Developing resistance to chemotherapy is a nearly universal, ultimately lethal consequence for cancer patients with solid tumors—such as those of the breast, prostate, lung and colon—that have metastasized, or spread, throughout the body.
A team of scientists led by the Hutchinson Center has discovered a key factor that drives this drug resistance—information that ultimately may be used to improve the effectiveness of therapy and buy precious time for patients with advanced cancer.
“Cancer cells inside the body live in a very complex environment or neighborhood. Where the tumor cell resides and who its neighbors are influence its response and resistance to therapy,” said senior author Dr. Peter Nelson, a member of the Hutchinson Center’s Human Biology Division.
Dr. Peter Nelson
Nelson and colleagues found that a type of normal, noncancerous cell that lives in cancer’s neighborhood—the fibroblast—when exposed to chemotherapy sustains DNA damage that drives the production of a broad spectrum of growth factors that stimulate cancer growth. Under normal circumstances, fibroblasts help maintain the structural integrity of connective tissue, and they play a critical role in wound healing and collagen production.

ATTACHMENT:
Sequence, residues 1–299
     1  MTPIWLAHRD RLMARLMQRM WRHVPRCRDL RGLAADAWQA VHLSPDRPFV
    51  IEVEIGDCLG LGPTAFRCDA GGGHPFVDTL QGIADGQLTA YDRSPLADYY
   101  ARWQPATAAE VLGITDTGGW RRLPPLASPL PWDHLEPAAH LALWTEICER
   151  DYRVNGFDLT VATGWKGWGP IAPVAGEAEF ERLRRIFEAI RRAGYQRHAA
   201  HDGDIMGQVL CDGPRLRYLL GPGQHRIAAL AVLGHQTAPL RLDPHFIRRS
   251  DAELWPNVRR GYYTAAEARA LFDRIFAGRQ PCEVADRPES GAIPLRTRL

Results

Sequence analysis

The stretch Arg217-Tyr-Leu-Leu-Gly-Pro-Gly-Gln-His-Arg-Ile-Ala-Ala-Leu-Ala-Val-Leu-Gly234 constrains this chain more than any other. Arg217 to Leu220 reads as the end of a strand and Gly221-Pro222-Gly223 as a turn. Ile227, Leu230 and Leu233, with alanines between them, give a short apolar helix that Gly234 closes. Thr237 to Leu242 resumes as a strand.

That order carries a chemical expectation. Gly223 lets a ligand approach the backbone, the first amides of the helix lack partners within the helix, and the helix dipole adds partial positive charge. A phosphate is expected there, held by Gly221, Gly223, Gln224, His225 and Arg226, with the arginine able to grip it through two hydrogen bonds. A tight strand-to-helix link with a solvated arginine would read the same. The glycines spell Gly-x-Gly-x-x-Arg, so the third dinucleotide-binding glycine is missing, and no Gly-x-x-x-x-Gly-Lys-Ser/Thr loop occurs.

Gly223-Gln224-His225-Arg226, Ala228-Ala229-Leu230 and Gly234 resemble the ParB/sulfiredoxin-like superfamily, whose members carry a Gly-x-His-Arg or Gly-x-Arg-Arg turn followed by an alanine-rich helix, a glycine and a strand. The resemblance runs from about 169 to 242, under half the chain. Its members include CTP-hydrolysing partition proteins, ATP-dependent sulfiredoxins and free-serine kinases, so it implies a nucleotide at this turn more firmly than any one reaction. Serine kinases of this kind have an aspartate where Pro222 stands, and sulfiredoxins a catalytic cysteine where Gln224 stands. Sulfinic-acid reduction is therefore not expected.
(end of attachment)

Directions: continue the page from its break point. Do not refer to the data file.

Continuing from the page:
However, the researchers found that DNA-damaging cancer treatment coaxes fibroblasts to crank out a protein called WNT16B within the tumor neighborhood, or microenvironment, and that high levels of this protein enable cancer cells to grow, invade surrounding tissue and resist chemotherapy.
This discovery suggests that finding a way to block this treatment response in the tumor microenvironment may improve the effectiveness of therapy.
“Cancer therapies are increasingly evolving to be very specific, targeting key molecular engines that drive the cancer rather than more generic vulnerabilities, such as damaging DNA,” Nelson said. “Our findings indicate that the tumor microenvironment also can influence the success or failure of these more precise therapies.”